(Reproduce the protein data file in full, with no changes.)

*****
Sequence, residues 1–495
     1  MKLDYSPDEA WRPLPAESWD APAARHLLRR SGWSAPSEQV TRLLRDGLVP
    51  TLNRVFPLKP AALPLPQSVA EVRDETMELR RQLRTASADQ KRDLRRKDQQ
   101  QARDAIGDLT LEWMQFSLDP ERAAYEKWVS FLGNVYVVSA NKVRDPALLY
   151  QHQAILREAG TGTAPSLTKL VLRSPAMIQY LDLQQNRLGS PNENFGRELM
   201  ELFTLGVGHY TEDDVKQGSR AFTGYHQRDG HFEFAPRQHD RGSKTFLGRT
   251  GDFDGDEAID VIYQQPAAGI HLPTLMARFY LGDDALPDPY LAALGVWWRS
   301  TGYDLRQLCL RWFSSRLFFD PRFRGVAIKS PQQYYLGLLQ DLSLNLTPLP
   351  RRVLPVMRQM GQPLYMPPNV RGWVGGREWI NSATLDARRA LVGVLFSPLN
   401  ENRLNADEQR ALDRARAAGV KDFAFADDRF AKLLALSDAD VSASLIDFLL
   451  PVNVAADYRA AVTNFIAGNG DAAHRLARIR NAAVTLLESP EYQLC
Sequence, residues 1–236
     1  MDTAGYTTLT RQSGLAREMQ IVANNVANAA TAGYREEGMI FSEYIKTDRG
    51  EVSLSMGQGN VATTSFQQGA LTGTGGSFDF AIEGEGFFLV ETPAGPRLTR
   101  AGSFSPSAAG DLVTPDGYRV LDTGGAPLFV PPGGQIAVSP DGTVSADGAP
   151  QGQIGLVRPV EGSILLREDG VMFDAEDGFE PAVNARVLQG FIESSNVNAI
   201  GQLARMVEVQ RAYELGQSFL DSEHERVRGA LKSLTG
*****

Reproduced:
Sequence, residues 1–495
     1  MKLDYSPDEA WRPLPAESWD APAARHLLRR SGWSAPSEQV TRLLRDGLVP
    51  TLNRVFPLKP AALPLPQSVA EVRDETMELR RQLRTASADQ KRDLRRKDQQ
   101  QARDAIGDLT LEWMQFSLDP ERAAYEKWVS FLGNVYVVSA NKVRDPALLY
   151  QHQAILREAG TGTAPSLTKL VLRSPAMIQY LDLQQNRLGS PNENFGRELM
   201  ELFTLGVGHY TEDDVKQGSR AFTGYHQRDG HFEFAPRQHD RGSKTFLGRT
   251  GDFDGDEAID VIYQQPAAGI HLPTLMARFY LGDDALPDPY LAALGVWWRS
   301  TGYDLRQLCL RWFSSRLFFD PRFRGVAIKS PQQYYLGLLQ DLSLNLTPLP
   351  RRVLPVMRQM GQPLYMPPNV RGWVGGREWI NSATLDARRA LVGVLFSPLN
   401  ENRLNADEQR ALDRARAAGV KDFAFADDRF AKLLALSDAD VSASLIDFLL
   451  PVNVAADYRA AVTNFIAGNG DAAHRLARIR NAAVTLLESP EYQLC
Sequence, residues 1–236
     1  MDTAGYTTLT RQSGLAREMQ IVANNVANAA TAGYREEGMI FSEYIKTDRG
    51  EVSLSMGQGN VATTSFQQGA LTGTGGSFDF AIEGEGFFLV ETPAGPRLTR
   101  AGSFSPSAAG DLVTPDGYRV LDTGGAPLFV PPGGQIAVSP DGTVSADGAP
   151  QGQIGLVRPV EGSILLREDG VMFDAEDGFE PAVNARVLQG FIESSNVNAI
   201  GQLARMVEVQ RAYELGQSFL DSEHERVRGA LKSLTG